Standard Bank has been banned from selling data plans using an ‘ambiguous’ advertisement with 'complicated mathematical reasoning'
- Standard Bank has been told to fix an ad on its website for a complicated scheme that involves paying a subscription to get cheaper per-MB data, which is then linked to bank charges.
- A complainant just misinterpreted the deal, Standard Bank told the Advertising Regulatory Board (ARB).
- But the ARB says the complicated math involved helps to make the data deal ambiguous – and a supposed explanation just makes things worse.
- For more stories go to www.BusinessInsider.co.za.
South Africa's advertising regulator has banned Standard Bank from using an advertisement requiring "complicated mathematical reasoning" to understand what customers will pay for data.
The Advertising Regulator Board (ARB) on Tuesday published a ruling in favour of a complainant who said Standard Bank gives the impression that subscription fees for its scheme buys airtime credit – when in fact it only buys cheaper data prices, but no actual data.
Standard Bank had told the ABR the complainant had simply misunderstood its offer, which is properly explained.
Standard Bank customers have the option to pay between R49 and R249 per month to take part in the data scheme. That subscription payment is an entry ticket of sorts, but does not come with any airtime. Instead, customers who take part can claim back the equivalent of the bank-account fee they pay Standard Bank as “free” data. How much they pay to subscribe to the deal determines how their data is counted against their account fees; at R49 data is counted at 15c per MB, and for R249 Standard Bank will count each MB at 5c.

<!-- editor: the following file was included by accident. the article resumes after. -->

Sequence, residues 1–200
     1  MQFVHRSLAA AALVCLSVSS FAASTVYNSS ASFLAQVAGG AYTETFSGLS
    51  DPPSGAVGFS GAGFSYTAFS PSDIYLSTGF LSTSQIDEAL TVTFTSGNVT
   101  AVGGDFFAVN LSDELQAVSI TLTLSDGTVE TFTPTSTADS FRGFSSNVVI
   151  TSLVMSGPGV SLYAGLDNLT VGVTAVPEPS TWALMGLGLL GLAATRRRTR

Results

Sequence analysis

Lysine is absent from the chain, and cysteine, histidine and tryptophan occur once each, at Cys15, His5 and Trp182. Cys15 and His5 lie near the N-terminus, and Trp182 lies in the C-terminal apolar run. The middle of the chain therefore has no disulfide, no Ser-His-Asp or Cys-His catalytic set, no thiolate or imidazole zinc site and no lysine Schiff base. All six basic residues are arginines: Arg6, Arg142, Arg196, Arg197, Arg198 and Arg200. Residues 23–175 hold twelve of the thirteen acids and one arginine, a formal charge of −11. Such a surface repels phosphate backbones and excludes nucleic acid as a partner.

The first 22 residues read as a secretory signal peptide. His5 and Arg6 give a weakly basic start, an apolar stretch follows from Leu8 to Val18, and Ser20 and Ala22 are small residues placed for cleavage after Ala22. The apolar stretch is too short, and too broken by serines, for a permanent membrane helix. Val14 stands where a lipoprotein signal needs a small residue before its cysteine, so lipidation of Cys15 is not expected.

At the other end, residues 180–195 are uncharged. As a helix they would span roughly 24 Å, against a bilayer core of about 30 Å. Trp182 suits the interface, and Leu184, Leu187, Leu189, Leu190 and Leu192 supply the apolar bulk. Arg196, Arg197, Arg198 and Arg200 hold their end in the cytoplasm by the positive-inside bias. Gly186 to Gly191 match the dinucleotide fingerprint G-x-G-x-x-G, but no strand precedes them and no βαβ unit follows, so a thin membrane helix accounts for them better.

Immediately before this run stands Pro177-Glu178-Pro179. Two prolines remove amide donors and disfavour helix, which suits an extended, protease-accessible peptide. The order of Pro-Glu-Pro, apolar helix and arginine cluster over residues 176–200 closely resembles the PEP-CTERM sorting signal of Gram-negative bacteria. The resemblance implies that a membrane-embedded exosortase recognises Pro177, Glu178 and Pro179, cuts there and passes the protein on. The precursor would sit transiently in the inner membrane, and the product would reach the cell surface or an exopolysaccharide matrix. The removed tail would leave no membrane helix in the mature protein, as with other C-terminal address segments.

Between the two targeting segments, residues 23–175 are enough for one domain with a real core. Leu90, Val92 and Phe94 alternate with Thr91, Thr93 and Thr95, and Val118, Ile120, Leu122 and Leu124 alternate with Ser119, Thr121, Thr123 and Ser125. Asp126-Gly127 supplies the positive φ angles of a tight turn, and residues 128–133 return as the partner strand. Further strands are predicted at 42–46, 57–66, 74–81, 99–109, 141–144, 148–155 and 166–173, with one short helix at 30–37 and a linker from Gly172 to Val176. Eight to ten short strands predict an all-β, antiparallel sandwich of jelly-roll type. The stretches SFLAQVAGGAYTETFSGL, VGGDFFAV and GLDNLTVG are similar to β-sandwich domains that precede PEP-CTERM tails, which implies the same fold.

For those without a subscription, data is priced at 49c per MB.
Similar packages are available for voice.
Understanding the implications of that is hard, the ARB said. A customer thinking of using the R149 subscription plan has to divide that fee by R0.49 to figure out they could start to break even on the up-front fee after using 304MB of data – and would then have to calculate how that benefits them based on their account fee and the 7c per MB that comes with the R149 plan.
It is reasonable – and likely – that consumers would simply look at on offer of R149 for data at 7c per MB, and assume they are buying R149 worth of airtime, the ARB said.
"In addition, consumers are currently familiar with advertisements by different service providers offering deals and plans in a form of subscription contracts with airtime, data or sms bundles already included in the monthly subscription fee. Consumers might, therefore, combined with the fact that the advertisement is leading with the headlines 'Data Plans' and 'Voice Plans', understand this plan to be similar to those that they are familiar with."
Standard Bank had failed to make it clear enough "that the promoted monthly fees do not carry any airtime credit but only gives the subscribers an opportunity to be charged at a lower rate when using data or voice calls, over and above the plan cost," the ARB said.
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